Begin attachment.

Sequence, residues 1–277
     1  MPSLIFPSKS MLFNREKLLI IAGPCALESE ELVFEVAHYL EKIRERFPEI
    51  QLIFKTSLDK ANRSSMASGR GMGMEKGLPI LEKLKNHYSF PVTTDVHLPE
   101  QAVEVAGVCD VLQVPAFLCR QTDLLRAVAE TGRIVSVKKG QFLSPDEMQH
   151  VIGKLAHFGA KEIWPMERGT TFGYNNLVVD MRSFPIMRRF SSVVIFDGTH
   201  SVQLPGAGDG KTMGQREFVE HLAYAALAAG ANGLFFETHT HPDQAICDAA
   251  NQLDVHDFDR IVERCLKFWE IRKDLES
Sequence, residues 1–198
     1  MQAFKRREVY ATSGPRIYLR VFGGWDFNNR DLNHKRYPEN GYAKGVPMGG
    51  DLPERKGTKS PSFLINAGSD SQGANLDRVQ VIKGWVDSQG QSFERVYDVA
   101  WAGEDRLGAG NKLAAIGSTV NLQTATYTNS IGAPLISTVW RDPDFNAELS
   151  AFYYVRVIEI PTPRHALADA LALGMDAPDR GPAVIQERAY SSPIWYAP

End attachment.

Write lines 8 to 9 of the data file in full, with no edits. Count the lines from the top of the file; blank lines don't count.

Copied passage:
Sequence, residues 1–198
     1  MQAFKRREVY ATSGPRIYLR VFGGWDFNNR DLNHKRYPEN GYAKGVPMGG